The advantage of proton beam irradiation is that a homogeneous dosecan be delivered to the target while sparing the healthy tissue surroundingthe tumor.5,7,8 Whileradiotherapy may destroy the hemangiomas, late complications of proton beamtherapy including radiation maculopathy and optic neuropathy may limit thetherapeutic benefit.
We present the results of proton therapy (20 cobalt gray equivalents[CGEs] delivered in 15-second fractions of 5 CGEs over 4 days) in 17 consecutivepatients with circumscribed choroidal hemangiomas who had a minimum follow-upof 3 years.
Our series is composed of 17 eyes in 17 consecutive patients (8 womenand 9 men) with isolated circumscribed choroidal hemangiomas who were referredto the Institut Gustave-Roussy, Villejuif, France, between January 1, 1995,and June 30, 2000, and treated with proton beam irradiation. The mean agewas 44.7 years (age range, 34-61 years). Inclusion criterion for proton beamirradiation was a circumscribed choroidal hemangioma complicated by retinaldetachment or macular edema causing alteration of visual acuity. Patientswith Sturge-Weber syndrome were excluded from this study.
The diagnosis of choroidal hemangioma was based on the following criteria:a posteriorly located red-orange choroidal tumor associated with an overlyingserous retinal detachment, a fluorescein angiogram showing early filling ofthe tumor with dye with gradually intense hyperfluorescence and leakage ofdye in the subretinal space during the late phase, early hyperfluorescenceon indocyanine green angiography with a washing-out aspect during the latephase, and B-scan ultrasonography showing a highly reflective hyperechoictumor with no choroidal excavation (Figure1, Figure 2, and Figure 3).
The treatment technique was the same as that used for proton therapyof uveal melanomas.9 The tumor was visualizedintraoperatively using indirect ophthalmoloscopy, and 4 tantalum rings weresutured to the sclera using 5/0 Dacron sutures (Alcon Laboratories Inc, ForthWorth, Tex). The 3-dimensional coordinates of the clips were obtained frompairs of x-ray films during a simulation and were then introduced into thetreatment-planning program, which provides a model of the eye and the tumor.A 200-MeV proton beam was degraded to 70 MeV and modulated to administer auniform dose to the target volume. Each eye received a total of 20 CGEs (CGE:physical dose ×1.1 estimated relative biological effectiveness of protonscompared with photons) delivered in four 15-second fractions of 5 CGEs over4 days. During irradiation, the patient's head was immobilized using a stereotactichead-holding device, and voluntary visual fixation was requested. A macularshield was used when the tumor involved the macula. Choroidal hemangiomasdo not represent a malignant condition. Macula-sparing radiotherapy was decidedon and the macula received less than 50% of the total dose. Dosimetry wasestablished to evaluate the individual amount delivered to the macula, theoptic disc, and the lens.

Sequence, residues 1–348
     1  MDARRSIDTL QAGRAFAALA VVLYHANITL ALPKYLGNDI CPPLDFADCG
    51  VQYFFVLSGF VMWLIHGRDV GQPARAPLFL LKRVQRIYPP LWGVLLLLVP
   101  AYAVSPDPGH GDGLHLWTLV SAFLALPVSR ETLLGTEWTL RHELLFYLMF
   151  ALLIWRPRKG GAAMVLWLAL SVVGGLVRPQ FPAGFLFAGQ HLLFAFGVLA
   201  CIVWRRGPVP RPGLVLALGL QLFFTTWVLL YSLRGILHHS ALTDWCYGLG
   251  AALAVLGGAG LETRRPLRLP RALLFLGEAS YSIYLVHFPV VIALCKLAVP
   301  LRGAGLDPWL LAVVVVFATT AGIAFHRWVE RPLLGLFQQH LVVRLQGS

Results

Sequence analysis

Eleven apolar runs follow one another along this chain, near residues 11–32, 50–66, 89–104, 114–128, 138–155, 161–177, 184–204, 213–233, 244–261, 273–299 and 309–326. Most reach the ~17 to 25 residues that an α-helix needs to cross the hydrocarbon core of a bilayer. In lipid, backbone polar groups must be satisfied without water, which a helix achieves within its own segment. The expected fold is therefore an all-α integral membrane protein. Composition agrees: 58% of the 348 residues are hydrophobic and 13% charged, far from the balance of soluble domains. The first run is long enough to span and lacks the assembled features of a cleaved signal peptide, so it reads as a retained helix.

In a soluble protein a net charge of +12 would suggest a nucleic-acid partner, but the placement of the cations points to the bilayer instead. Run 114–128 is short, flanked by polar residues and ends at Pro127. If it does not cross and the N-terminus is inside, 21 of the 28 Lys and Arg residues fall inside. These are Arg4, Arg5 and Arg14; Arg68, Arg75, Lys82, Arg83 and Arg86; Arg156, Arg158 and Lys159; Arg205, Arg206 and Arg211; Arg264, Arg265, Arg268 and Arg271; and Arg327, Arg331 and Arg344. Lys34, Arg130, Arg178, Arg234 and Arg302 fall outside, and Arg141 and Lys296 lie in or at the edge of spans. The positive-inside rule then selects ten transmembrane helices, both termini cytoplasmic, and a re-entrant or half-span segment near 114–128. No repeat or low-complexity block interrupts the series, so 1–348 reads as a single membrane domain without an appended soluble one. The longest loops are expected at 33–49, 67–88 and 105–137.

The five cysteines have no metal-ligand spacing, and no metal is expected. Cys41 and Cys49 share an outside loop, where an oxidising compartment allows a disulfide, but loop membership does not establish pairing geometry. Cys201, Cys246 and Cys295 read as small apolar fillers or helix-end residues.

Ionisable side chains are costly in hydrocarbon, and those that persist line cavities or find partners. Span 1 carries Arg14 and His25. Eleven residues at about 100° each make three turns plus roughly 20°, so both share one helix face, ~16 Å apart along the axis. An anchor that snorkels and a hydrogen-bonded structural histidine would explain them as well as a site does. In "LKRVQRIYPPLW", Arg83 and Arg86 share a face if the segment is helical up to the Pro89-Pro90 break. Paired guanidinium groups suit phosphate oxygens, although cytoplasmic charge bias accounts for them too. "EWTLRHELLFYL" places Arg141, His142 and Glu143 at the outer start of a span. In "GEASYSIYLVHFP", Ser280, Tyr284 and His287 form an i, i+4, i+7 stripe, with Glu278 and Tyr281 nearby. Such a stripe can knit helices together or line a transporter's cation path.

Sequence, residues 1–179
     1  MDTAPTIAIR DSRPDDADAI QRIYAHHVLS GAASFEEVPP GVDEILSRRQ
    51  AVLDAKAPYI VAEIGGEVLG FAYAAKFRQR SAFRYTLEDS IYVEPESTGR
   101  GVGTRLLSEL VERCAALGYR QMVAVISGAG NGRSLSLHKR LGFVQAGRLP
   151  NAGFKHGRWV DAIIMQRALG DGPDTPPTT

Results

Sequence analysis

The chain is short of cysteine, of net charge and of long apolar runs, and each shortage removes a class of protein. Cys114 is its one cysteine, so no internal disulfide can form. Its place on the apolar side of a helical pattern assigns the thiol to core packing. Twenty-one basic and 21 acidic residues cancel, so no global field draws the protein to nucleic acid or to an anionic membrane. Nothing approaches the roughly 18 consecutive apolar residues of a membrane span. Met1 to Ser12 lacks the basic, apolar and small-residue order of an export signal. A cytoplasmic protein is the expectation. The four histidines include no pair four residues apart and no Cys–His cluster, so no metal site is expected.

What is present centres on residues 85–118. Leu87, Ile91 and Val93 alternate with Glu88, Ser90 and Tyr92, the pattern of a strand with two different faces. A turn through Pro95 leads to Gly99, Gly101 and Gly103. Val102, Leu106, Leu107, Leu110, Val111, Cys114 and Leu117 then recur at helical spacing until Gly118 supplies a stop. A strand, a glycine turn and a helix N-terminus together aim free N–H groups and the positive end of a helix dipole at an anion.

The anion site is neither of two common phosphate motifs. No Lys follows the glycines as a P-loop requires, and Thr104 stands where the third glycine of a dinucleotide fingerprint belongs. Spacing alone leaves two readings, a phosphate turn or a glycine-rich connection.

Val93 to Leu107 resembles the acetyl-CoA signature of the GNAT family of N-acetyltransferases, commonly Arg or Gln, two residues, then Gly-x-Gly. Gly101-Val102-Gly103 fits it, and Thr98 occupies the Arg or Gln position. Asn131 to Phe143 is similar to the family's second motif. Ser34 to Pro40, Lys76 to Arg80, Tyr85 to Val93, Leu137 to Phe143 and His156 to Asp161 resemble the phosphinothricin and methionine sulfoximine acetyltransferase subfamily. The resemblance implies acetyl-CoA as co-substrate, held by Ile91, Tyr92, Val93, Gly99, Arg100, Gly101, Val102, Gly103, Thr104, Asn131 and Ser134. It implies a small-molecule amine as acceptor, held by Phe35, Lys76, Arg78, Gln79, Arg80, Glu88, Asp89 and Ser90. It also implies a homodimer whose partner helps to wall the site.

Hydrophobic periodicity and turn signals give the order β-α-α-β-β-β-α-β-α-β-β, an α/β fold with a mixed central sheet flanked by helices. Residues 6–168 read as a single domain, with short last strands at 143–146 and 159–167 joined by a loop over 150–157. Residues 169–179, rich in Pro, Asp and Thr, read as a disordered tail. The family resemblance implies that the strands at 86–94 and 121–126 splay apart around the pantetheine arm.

Patients were informed about the study and gave their consent in accordwith the Declaration of Helsinki . The study was not submitted to institutionalreview board approval.
The Pearson-Spearman r test was used for statisticalanalysis.
Follow-up examinations were performed on days 30 and 90, at 6 and 12months after treatment, and yearly thereafter. Ophthalmologic parameters assessedincluded best-corrected visual acuity in the affected eye and fellow eye,tested at a distance of 5 m with standard visual acuity charts, intraocularpressure measurement, slitlamp examination, and indirect ophthalmoscopy. B-scanultrasonography was performed at 3 and 6 months and yearly thereafter. Fluoresceinangiography and indocyanine green angiography were performed yearly. Follow-upexaminations verified that irradiation complications such as cataracts, neovascularglaucoma, and radiation retinopathy had not occurred. The mean (SD) follow-upwas 52 (58) months (range, 36-90 months).